Criminal Prohibitions in Canadian Fertility Law

Tuesday March 15, 2016

The Assisted Human Reproduction Act (“AHRA”) came into effect after years of national debate on reproductive technologies. It reflects the government’s concern that commercializing reproductive services and material undermines the sanctity of human life and leads vulnerable women to do things to their bodies that they will regret.

The law makes it illegal to pay surrogates and donors but legal to reimburse “expenses.” It is also illegal for third parties to “arrange” surrogacies for profit. There are no regulations explaining the true scope of these prohibitions and they are almost never enforced. Some say this creates much-needed wiggle room for those who want to compensate donors and surrogates for intangible costs. Others, particularly lawyers and service providers who want to comply with the law, complain the AHRA makes it impossible to figure out what’s legal.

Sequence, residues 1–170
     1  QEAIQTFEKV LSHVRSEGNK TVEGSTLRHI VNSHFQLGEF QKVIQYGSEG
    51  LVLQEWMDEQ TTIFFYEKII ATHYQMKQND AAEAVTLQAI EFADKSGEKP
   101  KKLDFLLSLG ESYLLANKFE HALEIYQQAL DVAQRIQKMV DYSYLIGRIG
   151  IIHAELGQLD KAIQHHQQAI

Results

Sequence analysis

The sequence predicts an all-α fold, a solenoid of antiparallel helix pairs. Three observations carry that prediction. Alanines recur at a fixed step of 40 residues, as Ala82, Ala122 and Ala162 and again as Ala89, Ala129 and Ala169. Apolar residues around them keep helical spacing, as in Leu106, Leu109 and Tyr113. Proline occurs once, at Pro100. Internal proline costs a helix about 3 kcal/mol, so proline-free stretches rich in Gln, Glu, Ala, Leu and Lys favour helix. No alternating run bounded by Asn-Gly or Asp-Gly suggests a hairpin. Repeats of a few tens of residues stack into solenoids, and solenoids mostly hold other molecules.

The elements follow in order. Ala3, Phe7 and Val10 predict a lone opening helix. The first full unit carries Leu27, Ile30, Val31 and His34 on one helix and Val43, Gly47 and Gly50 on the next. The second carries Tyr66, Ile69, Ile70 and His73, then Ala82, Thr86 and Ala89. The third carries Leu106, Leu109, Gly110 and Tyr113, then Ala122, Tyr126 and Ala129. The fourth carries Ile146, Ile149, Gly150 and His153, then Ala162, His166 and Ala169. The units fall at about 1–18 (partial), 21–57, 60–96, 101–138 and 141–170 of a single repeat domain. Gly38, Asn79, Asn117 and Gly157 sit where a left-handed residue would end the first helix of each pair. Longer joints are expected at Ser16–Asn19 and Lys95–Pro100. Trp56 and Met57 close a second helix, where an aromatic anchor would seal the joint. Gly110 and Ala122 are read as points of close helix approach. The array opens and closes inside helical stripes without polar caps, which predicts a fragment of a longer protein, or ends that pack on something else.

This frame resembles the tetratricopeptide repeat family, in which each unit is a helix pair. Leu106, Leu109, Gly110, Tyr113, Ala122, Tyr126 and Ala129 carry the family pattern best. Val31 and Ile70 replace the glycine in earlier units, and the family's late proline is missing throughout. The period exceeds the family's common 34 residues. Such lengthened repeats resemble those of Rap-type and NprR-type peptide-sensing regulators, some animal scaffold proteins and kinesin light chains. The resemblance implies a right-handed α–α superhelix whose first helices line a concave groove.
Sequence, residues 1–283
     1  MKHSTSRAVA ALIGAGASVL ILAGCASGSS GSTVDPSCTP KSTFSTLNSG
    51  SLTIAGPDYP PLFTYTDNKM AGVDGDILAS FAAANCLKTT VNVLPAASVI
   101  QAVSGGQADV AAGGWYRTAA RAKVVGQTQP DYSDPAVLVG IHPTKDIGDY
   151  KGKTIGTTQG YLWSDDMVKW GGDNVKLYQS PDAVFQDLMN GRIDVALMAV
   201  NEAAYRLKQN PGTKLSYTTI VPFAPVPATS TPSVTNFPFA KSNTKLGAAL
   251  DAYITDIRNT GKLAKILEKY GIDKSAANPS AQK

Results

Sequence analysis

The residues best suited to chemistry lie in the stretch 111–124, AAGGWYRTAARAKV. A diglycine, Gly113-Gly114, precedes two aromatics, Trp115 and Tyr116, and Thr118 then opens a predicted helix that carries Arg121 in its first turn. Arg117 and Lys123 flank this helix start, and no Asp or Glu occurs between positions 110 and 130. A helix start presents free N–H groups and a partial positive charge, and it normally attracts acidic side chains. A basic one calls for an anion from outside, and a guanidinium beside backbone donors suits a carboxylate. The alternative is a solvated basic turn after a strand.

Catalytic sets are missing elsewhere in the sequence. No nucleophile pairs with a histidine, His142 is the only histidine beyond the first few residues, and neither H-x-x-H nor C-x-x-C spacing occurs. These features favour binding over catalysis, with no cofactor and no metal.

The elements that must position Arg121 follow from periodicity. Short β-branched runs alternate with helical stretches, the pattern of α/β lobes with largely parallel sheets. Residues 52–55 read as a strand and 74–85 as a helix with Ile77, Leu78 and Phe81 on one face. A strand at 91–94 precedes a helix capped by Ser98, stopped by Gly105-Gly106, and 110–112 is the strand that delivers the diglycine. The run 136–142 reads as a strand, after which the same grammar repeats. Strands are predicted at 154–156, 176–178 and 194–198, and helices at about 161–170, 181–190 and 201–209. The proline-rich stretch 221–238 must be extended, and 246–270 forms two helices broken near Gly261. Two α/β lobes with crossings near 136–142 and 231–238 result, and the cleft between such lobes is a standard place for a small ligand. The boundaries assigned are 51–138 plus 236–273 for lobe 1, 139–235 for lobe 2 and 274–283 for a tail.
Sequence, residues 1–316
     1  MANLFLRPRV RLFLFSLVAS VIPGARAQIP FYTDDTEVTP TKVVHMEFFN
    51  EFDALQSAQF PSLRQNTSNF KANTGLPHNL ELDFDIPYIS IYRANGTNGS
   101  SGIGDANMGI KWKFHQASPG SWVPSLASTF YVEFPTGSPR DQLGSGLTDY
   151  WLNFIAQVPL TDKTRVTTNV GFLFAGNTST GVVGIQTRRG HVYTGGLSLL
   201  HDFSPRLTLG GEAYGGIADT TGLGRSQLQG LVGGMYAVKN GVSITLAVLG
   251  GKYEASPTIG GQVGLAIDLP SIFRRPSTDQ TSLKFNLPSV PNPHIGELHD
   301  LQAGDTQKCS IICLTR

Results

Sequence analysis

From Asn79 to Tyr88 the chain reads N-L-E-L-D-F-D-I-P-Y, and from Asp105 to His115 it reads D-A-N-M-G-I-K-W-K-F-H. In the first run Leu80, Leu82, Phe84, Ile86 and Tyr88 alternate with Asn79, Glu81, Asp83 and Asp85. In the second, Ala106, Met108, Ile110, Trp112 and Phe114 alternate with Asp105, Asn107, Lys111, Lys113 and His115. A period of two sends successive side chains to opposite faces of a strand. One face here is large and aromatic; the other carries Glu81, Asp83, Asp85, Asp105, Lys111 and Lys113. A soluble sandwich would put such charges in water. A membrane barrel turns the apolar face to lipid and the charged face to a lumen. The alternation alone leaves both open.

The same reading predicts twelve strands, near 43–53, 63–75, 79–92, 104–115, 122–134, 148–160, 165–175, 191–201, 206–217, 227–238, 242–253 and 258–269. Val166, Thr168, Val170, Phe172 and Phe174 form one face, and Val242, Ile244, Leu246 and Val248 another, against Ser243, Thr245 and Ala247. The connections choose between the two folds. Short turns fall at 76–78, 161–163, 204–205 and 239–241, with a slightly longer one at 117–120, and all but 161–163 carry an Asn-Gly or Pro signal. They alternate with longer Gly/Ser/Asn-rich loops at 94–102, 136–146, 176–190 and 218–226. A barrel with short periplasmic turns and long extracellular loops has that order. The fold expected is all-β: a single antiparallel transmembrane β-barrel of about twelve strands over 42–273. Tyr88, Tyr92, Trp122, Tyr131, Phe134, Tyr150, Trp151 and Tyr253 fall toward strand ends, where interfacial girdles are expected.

Learning Objectives

  1. Not in my backyard? AHRA liability for cross-border and third party providers
  2. Enforcement and punishment under the AHRA
  3. What to do if investigators come knocking? Some practical tips

()Megan SavardSpeaker: Megan Savard

Megan is a lawyer at Addario Law Group LLP. She earned a Bachelor of Arts from McGill University where she studied English literature and North American politics and ran varsity track in her spare time.

She received her law degree from the University of Toronto. She was awarded the Nathan B. Strauss Q.C. Prize for Legal Ethics for her paper about the competence of counsel in criminal cases.

Megan articled with a prominent criminal firm in Toronto and worked as a law clerk at the Saskatchewan Court of Appeal. She has been practicing criminal law ever since. In 2013, Megan was one of the lawyers representing Leia Picard and Canadian Fertility Consulting Ltd. in the first prosecution under the Assisted Human Reproduction Act.